Solid state drives or SSDs have quietly become a revolution for the world of PCs and laptops , but they have done so with some hesitation.
One of the most frequent is that urban legend that seems to point out that the useful life of these units is not as good as that of a traditional hard drive. As we will soon discover, the most likely is just the opposite , and it is all due to the evolution of a technology that manufacturers in fact mark us with pessimistic reliability … just in case.
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The price of SSDs has dropped dramatically in recent times, and both SATA and M.2 NVMe models are now within reach .
The performance of these units has proven to surpass traditional hard drives on all fronts except the gross capacity : if we need several TB available, the obvious choice is still HDDs.
But except for that factor, SSDs have become the clear choice, among other things due to their own operating principle .
The NAND flash memories used are much faster than hard drives in both reading and writing, although in its design it must be borne in mind that these cells can be programmed and deleted (P / E) a limited number of times . This description is important because when data is written (“programmed”) to a NAND cell, the previous data must be deleted before it can be saved in the destination cell.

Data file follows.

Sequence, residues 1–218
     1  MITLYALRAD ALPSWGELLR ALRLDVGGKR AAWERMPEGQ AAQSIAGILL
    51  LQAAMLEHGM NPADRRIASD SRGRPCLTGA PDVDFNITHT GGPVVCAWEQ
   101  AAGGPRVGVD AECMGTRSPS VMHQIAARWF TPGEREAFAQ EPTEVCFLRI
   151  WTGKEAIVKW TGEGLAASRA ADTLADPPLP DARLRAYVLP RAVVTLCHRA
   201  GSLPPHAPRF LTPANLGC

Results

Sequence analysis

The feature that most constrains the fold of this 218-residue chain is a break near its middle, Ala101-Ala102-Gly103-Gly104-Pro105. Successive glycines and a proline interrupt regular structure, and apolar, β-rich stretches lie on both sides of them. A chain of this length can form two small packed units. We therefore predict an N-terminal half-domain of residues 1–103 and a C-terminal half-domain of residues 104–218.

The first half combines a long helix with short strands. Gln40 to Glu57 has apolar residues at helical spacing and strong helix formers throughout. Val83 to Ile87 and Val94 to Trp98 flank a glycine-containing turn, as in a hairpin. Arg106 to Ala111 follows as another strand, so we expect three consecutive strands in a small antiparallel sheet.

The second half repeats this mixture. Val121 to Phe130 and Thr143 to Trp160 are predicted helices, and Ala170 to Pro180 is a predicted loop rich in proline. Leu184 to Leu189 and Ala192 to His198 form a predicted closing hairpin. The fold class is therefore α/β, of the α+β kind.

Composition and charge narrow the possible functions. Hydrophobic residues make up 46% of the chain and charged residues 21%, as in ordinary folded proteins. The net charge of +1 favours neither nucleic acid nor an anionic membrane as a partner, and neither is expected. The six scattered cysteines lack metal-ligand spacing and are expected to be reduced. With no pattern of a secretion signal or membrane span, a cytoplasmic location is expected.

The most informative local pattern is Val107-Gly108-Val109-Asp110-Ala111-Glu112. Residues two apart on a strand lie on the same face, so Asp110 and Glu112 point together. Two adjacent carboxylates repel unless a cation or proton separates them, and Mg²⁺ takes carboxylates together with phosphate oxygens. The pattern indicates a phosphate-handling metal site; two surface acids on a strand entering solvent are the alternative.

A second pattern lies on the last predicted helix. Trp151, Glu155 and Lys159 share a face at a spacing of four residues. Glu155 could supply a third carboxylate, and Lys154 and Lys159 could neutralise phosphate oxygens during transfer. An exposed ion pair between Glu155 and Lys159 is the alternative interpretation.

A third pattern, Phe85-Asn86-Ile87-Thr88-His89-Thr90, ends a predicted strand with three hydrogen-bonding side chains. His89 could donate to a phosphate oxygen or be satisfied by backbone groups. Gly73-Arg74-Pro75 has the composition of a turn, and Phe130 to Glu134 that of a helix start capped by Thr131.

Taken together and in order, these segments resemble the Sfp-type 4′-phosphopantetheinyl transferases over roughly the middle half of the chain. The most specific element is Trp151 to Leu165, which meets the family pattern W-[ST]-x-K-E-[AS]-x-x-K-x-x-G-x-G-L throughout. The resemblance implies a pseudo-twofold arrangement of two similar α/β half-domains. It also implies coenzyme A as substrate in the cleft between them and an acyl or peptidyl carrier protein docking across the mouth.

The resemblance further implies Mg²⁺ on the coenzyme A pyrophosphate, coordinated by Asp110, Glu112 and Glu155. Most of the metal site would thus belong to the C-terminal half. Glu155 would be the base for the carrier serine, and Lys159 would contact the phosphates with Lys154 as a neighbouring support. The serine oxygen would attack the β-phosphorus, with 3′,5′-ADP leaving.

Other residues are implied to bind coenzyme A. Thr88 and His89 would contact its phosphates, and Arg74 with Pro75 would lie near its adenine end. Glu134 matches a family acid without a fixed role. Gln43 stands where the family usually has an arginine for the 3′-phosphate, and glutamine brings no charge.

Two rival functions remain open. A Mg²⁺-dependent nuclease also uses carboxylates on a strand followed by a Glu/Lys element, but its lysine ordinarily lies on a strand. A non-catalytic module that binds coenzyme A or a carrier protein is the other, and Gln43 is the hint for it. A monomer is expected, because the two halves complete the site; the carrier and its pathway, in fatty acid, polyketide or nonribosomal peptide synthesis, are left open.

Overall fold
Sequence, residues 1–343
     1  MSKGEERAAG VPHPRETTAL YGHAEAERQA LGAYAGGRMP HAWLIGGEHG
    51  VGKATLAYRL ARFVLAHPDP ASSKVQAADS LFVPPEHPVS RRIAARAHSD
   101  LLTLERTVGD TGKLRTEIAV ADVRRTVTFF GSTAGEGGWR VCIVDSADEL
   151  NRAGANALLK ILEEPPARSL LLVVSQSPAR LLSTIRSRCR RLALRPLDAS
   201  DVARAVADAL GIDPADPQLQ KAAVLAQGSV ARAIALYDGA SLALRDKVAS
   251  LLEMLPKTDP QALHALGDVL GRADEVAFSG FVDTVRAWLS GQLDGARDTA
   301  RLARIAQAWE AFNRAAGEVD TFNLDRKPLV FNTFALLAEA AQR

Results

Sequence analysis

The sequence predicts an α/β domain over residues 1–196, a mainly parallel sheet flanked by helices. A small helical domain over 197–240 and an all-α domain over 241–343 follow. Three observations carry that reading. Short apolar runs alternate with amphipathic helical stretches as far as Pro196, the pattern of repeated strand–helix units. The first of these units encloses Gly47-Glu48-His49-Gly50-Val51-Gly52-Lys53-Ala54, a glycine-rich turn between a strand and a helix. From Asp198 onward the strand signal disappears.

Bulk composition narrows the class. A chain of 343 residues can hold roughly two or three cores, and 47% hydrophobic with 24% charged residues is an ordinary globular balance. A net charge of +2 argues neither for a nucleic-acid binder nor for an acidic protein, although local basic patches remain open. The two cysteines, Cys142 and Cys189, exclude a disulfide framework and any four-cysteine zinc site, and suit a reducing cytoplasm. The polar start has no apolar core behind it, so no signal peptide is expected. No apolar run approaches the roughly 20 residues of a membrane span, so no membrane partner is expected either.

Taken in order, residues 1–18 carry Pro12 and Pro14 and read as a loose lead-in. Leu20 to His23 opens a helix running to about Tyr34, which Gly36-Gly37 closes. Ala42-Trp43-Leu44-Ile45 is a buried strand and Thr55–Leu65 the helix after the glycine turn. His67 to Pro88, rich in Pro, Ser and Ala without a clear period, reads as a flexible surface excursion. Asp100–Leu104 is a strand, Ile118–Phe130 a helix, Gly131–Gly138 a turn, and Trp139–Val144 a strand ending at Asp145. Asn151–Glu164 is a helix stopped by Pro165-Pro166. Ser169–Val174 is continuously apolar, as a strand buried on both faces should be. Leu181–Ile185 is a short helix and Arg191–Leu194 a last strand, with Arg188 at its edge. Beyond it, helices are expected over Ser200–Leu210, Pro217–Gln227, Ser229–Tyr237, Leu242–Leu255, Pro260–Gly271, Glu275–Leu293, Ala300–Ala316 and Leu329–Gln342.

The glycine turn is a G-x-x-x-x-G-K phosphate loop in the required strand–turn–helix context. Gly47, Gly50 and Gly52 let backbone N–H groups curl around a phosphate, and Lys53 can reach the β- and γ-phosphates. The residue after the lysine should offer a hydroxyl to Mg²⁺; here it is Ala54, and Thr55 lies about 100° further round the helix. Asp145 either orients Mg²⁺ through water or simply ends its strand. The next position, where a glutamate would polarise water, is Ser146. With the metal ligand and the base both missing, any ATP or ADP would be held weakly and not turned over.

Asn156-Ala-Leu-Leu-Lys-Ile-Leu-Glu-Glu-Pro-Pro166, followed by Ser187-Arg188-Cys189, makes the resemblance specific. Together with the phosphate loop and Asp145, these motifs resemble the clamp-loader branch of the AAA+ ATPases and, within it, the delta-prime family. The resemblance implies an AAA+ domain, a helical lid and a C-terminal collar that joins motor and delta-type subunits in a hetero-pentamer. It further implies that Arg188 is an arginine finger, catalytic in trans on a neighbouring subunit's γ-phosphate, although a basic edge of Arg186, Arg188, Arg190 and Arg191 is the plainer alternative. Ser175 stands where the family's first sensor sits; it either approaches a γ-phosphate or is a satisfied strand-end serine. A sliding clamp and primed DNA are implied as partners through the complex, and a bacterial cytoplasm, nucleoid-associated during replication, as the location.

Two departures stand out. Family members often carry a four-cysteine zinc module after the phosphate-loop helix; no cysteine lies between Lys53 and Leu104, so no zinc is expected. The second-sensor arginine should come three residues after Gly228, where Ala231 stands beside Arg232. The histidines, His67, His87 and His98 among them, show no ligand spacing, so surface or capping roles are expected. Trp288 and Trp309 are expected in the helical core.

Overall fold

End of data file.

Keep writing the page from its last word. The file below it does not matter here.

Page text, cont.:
Although so-called P / E cycles are an important way to measure the reliability of SSD drives, there are actually other factors that affect those life cycles. Let’s see the three most important :
- P / E Cycles : When writing to an SSD the data is written and then erased to be rewritten. The number of P / E cycles that SSDs support is highly variable, and typically ranges from 500 to 100,000.
- TBW : This magnitude, which stands for “TeraBytes Written” indicates the total number of data that can be written to an SSD before it begins to fail. In a unit like the Samsung 970 EVO, it is indicated how, for example, 150 TBW are estimated for 250 GB models, 300 TBW for 500 GB models, 600 TBW for the 1 TB model and 1,200 TBW for the 2 TB model. These units are warranted for 5 years or the specified TBW, whichever comes first.
- MTBF : (or Mean Time Between Failures) is the reliability measure that normally indicates how many hours pass before a drive failure can occur. On a hard drive the MTBF is usually around 300,000 hours, while on an SSD that MTBF is normally 1.5 million hours. It is not the time the drive can last, but the average time we can wait before a drive failure occurs.
These magnitudes help to understand how reliable a unit is, and probably the clearest for users is that TBW that reveals the enormous amount of data that we should write before the unit degrades.
If for example we think about that data of 150 TBW for a 250 GB drive, we would have to write more than 80 GB a day for a whole year to reach those limits that Samsung talks about, an amount that rarely occurs in conventional users .
The normal thing, in fact, is that these units reach a useful life well above the specifications set by the manufacturer, since the tests and data carried out by these manufacturers are practically pessimistic cases .